With just a few weeks before the midterm elections, all eyes are on Pennsylvania’s key senate and gubernatorial races as control of the U.S. Senate hangs in the balance.
In our latest Swing Voter Project focus groups, conducted online on October 11 with 13 Trump-to-Biden voters across Pennsylvania, we learned that despite months of campaigning and millions of dollars spent on ads, some are still undecided about whom they will support in these races.
In the governor’s race, eight respondents told us they will vote for Josh Shapiro and one will vote for Doug Mastriano, while four remain undecided. (Six respondents are Republicans, six are Democrats, and one is an Independent.) Given the very clear differences between these two candidates, we wanted to know why these four voters remain undecided at this stage of the campaign:
Amy, 42, from York, explained:
“I have only lived in Pennsylvania for a couple of years, so I don’t know enough about Shapiro. I did watch the Republican debate which Mastriano was part of, and his responses in the debate led me not to vote for him earlier this year. He wouldn’t have been my Republican candidate of choice as it is. Then, all of the ads and information that has come out since then has just led me to not want to vote for [Mastriano]. [I’m not planning to vote for Shapiro at this point because] I just want to make sure that my vote goes to the person I believe can do the best job and I just need to find out more about Shapiro vs. not voting for anyone. I need to know more about [Shapiro’s] politics, and his stance on the things that are important to me, which are crime and the economy right now.”
“I’m still undecided, I guess,” commented Joshua, 25, from Palmerton. “I haven’t looked into any third parties yet, but I don’t really like Mastriano. I just think he’s a bit too extreme. My fears with Shapiro are just that he’ll be too much like [the current governor Tom] Wolf. I’m not really against [Shapiro] as of yet, but I definitely am against Mastriano.”
Meanwhile, Bob, 44, from Lansdale, explained his strategic decision-making:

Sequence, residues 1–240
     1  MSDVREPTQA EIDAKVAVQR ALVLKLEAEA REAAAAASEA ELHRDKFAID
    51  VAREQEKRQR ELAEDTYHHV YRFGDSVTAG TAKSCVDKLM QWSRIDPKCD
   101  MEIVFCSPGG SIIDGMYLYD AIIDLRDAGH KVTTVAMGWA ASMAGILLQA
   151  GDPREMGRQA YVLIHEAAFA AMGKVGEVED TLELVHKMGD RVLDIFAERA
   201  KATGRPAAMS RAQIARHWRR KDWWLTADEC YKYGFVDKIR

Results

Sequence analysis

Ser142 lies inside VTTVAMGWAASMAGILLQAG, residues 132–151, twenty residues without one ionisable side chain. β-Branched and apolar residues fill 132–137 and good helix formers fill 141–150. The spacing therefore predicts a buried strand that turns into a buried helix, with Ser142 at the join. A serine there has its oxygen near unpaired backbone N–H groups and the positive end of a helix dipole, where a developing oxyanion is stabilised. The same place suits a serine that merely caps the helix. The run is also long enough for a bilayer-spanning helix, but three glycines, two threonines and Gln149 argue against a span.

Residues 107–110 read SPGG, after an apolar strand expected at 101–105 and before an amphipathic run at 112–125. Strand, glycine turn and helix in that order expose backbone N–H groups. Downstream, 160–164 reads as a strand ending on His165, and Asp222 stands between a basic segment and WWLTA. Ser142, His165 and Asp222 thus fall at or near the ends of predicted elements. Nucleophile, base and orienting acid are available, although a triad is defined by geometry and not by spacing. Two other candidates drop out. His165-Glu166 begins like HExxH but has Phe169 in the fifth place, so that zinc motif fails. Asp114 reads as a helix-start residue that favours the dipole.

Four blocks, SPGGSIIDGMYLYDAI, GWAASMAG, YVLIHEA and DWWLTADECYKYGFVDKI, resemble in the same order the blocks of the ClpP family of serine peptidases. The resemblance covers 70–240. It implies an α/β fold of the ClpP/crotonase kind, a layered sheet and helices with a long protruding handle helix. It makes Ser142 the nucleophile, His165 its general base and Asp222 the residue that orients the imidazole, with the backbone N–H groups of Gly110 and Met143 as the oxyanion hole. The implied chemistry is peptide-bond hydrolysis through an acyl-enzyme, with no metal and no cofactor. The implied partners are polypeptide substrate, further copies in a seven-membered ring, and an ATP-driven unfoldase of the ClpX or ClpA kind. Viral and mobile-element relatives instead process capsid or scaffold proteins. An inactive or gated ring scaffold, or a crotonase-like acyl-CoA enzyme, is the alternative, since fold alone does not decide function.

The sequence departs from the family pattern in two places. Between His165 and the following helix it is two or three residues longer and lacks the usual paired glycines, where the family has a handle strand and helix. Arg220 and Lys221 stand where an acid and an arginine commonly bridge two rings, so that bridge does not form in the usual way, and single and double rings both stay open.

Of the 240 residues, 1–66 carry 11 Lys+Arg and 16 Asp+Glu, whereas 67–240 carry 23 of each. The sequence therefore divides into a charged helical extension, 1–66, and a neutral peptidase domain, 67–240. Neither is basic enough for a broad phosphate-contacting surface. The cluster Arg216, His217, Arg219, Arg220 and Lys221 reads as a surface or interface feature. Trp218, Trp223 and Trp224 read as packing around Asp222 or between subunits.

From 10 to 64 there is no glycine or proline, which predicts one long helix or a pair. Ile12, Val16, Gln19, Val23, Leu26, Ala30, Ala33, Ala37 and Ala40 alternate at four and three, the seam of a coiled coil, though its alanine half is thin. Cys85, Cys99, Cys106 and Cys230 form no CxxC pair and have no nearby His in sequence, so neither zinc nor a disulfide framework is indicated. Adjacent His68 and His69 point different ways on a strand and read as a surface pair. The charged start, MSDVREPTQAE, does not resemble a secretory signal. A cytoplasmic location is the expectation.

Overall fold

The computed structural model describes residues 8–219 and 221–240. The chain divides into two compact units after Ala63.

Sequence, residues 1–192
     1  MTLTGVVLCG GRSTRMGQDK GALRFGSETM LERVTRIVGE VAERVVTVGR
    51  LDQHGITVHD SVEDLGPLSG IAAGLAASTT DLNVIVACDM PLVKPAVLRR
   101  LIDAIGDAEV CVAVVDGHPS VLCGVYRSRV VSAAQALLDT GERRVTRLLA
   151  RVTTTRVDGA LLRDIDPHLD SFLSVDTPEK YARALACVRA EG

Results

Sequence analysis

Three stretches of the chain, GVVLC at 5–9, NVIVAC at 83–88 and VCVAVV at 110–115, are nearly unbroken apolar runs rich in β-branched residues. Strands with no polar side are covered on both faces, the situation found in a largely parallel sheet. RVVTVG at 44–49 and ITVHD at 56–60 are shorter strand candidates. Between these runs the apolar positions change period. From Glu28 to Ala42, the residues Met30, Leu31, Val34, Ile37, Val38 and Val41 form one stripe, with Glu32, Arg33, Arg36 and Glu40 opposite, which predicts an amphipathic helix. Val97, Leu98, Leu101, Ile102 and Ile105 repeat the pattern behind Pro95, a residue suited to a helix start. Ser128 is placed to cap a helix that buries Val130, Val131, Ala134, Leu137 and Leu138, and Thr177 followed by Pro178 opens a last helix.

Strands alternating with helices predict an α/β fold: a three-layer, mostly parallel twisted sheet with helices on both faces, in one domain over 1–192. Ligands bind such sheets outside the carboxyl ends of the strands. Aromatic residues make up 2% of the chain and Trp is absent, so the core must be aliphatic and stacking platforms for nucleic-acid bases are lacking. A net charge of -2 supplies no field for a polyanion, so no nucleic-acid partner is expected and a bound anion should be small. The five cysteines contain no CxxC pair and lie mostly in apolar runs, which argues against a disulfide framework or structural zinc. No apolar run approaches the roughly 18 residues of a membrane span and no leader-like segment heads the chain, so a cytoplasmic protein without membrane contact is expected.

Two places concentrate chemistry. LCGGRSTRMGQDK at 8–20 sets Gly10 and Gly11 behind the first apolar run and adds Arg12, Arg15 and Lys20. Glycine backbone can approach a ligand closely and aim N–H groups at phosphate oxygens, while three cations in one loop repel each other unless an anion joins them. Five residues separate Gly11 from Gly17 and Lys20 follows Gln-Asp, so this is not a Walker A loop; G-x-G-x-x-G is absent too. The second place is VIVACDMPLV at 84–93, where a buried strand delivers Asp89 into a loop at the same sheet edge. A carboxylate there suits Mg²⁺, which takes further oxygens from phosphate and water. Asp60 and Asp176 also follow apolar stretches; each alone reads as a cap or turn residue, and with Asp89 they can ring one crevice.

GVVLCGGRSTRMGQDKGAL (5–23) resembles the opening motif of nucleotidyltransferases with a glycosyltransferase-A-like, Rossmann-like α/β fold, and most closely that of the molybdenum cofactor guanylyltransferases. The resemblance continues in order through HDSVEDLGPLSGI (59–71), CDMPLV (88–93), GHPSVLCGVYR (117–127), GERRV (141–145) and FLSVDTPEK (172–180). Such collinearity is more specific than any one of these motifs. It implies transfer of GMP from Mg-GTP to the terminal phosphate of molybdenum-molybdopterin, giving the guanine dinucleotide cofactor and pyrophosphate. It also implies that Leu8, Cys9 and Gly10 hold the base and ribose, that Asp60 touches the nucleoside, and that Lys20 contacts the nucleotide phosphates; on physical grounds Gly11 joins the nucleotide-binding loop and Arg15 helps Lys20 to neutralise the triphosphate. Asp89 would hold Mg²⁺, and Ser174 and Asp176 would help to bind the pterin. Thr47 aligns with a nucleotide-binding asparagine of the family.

“I don’t think this race is going to be close…I won’t vote for Mastriano. I may vote for Shapiro, but if he’s too far off in what I believe in, I just won’t vote [in that race]. If it were a very tight race, I would vote for Shapiro…. If it’s not tight, I don’t know. I mean, I may not vote for Shapiro, but I wouldn’t vote for Mastriano. I just wouldn’t vote, or [I’d] write some third party candidate in…. I may not like a lot of Shapiro’s issues, and I probably don’t. I mean, I don’t like a lot of Biden’s issues, but it was a protest vote for me against Trump, and I knew it’d be a close race. And so I don’t want to pull a lever for a protest candidate if I don’t have to.”
At the other end of the candidate, familiarity spectrum was Ullanda, 42, from Philadelphia. “I’m undecided because I don’t know too much about Mastriano,” she said. “Shapiro – I’ve heard some things, but I’m undecided because again, I still don’t know enough about what he’s going to contribute. I think I’ve seen some [TV ads] for Shapiro, but I can’t recall exactly what the details were.”
In the U.S. Senate race, meanwhile, nine will vote for John Fetterman, two will vote for Mehmet Oz, and two remain undecided, noting their lack of interest in voting for either of the top candidates.
“[I would vote for] neither one [between Oz and Fetterman]. I’d have to look at the third candidates. I would either vote for a third candidate or vote for none – leave it blank,” remarked Casey, 53, from Altoona.
Ullanda from Philadelphia was similarly noncommittal in the senate race. “I wouldn’t vote for either one because I don’t know enough about them at this present time as far as what they have to offer…so I would probably need to wait for the third candidate or vote for none.”
As is typical among swing voters, they often arrive at similar conclusions, but for a variety of reasons.
The Swing Voter Project and this focus group discussion was featured in a recent Washington Post article, which you can read here.
Rich Thau is the president of the research firm Engagious, which specializes in message testing and message refinement for trade associations and advocacy groups. He is also the moderator of the Swing Voter Project, conducted in partnership with the Schlesinger Group. Matt Steffee is vice president of research services at Engagious.